+
{{file|name=/etc/portage/repos.conf|desc=Replacement repos.conf file|body=
#  Identify the different categories of users who will be using your site -- your target audience. Rank them in order of priority: Which ones are most important to you?
+
[DEFAULT]
# Set up a system for getting feedback from your target audience, so they can let you know what you're doing right and wrong.
+
sync-user = oleg
# Evaluate the feedback, and use it to determine what parts of the site need to be improved or redesigned. Tackle high-priority sections first.
+
sync-umask = 022
# Once you've selected the part of the site to improve, get to work! During your implementation, make sure that the content and design of the new section caters specifically to the needs of your target audience and fixes all known deficiencies.
+
# When the section redesign is complete, add it to your live site, even if it has a look that's markedly different from your current site. This way, your users can begin benefitting from the newly redesigned section immediately. If there's a problem with the redesign, you'll get user feedback more quickly. Finally, making incremental improvements to your site (rather than revamping the whole site and then rolling it out all at once -- surprise!) will help prevent your users from feeling alienated by your (possibly dramatic) site changes.
+
#  After completing step 6, jump to step 4 and repeat.
+
  
== The mission statement ==
+
[funtoo]
 +
location = /var/db/repos/funtoo
 +
sync-type = git
 +
sync-uri = git://github.com/funtoo/ports-2015.git
  
I was happy to discover that we already had step 3 in place. We had received several e-mail suggestions from visitors to the site, and our developer mailing list also served as a way of exchanging suggestions and comments. However, I had never really completed steps 1 or 2. While the answers may seem obvious, I did find it helpful to actually sit down and write out our mission statement:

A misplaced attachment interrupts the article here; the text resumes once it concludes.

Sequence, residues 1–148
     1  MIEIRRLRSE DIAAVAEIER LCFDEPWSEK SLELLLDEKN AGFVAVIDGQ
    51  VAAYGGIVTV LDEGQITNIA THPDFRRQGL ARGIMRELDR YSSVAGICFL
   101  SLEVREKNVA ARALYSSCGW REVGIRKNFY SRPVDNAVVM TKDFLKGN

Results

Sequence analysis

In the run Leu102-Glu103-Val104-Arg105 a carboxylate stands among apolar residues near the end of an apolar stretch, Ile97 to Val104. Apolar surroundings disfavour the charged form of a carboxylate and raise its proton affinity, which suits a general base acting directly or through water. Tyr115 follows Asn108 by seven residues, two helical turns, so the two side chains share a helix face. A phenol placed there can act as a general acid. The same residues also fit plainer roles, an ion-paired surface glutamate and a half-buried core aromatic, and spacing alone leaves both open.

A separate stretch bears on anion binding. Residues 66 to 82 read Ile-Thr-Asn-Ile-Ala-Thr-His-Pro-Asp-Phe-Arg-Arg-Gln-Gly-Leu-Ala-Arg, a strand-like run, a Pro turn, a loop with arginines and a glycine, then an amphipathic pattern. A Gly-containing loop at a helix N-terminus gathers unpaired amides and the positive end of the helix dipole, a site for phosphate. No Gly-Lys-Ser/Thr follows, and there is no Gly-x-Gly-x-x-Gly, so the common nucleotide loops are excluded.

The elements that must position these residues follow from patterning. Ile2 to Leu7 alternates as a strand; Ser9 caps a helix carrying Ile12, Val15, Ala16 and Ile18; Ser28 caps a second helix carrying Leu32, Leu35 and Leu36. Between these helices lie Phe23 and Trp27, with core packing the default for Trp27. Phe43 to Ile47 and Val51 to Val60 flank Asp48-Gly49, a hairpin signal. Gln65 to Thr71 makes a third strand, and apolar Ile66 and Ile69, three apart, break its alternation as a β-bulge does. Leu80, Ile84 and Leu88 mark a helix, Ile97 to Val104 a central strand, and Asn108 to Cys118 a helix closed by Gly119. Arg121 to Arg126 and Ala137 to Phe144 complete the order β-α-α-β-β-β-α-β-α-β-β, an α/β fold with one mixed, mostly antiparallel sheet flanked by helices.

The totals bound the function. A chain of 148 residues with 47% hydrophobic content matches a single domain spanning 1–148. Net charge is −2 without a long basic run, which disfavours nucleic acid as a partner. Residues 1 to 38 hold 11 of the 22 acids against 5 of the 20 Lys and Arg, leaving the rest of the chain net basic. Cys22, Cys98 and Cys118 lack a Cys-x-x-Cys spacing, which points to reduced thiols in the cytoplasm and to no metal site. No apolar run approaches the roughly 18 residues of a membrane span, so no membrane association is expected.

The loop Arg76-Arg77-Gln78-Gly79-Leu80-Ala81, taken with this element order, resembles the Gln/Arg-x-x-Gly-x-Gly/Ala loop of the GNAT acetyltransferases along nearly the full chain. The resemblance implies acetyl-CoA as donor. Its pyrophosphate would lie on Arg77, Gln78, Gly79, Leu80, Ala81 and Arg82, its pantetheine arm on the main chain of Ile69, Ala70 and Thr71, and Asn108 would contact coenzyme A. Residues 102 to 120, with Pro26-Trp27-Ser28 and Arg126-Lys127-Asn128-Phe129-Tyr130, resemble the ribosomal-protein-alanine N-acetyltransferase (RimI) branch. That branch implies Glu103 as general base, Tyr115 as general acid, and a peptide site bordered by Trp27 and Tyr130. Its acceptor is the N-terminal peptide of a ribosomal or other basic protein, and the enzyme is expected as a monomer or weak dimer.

+
[foo]
 +
location = /var/db/repos/foo
 +
priority = 1
  
www.gentoo.org exists to assist those who use and develop for Gentoo Linux by providing relevant, up-to-date information about Gentoo Linux and Linux in general, focusing on topics related to Gentoo Linux installation, use, administration, and development. As the central hub for all things Gentoo, the site should also feature important news relevant to Gentoo Linux users and developers. In addition to catering to Gentoo Linux users and developers, www.gentoo.org has the secondary purpose of meeting the needs of potential Gentoo Linux users, providing the information they need to decide whether Gentoo Linux is right for them.
+
[bar]
 +
location = /var/db/repos/bar
 +
priority = 2
 +
}}
  
== The target audience ==
+
The <code>repos.conf</code> configuration can be further extended with ''sync-type'' and ''sync-uri'' for overlays to get ''emerge --sync'' updating them automatically.
  
So far, so good. Now for step 2 -- defining our target audience:
+
let's see a real example of tree and overlays added.  
 +
{{file|name=/etc/portage/repos.conf|desc=Replacement repos.conf file|body=
  
www.gentoo.org has three target audiences -- Gentoo Linux developers, users, and potential users. While no one group is absolutely a higher priority than another, right now the needs of Gentoo Linux developers are our highest priority, followed by Gentoo Linux users, and then potential users. This is because Gentoo Linux is currently in a prerelease state. When Gentoo Linux reaches version 1.0, Gentoo Linux users and potential users will also become a priority.
+
[gentoo]
 
+
location = /usr/portage
== Comments and suggestions ==
+
sync-type = git
 
+
sync-uri = git://github.com/funtoo/ports-2012.git
O.K., now it's time to evaluate the suggestions and comments we've collected:
+
 
+
[funtoo-overlay]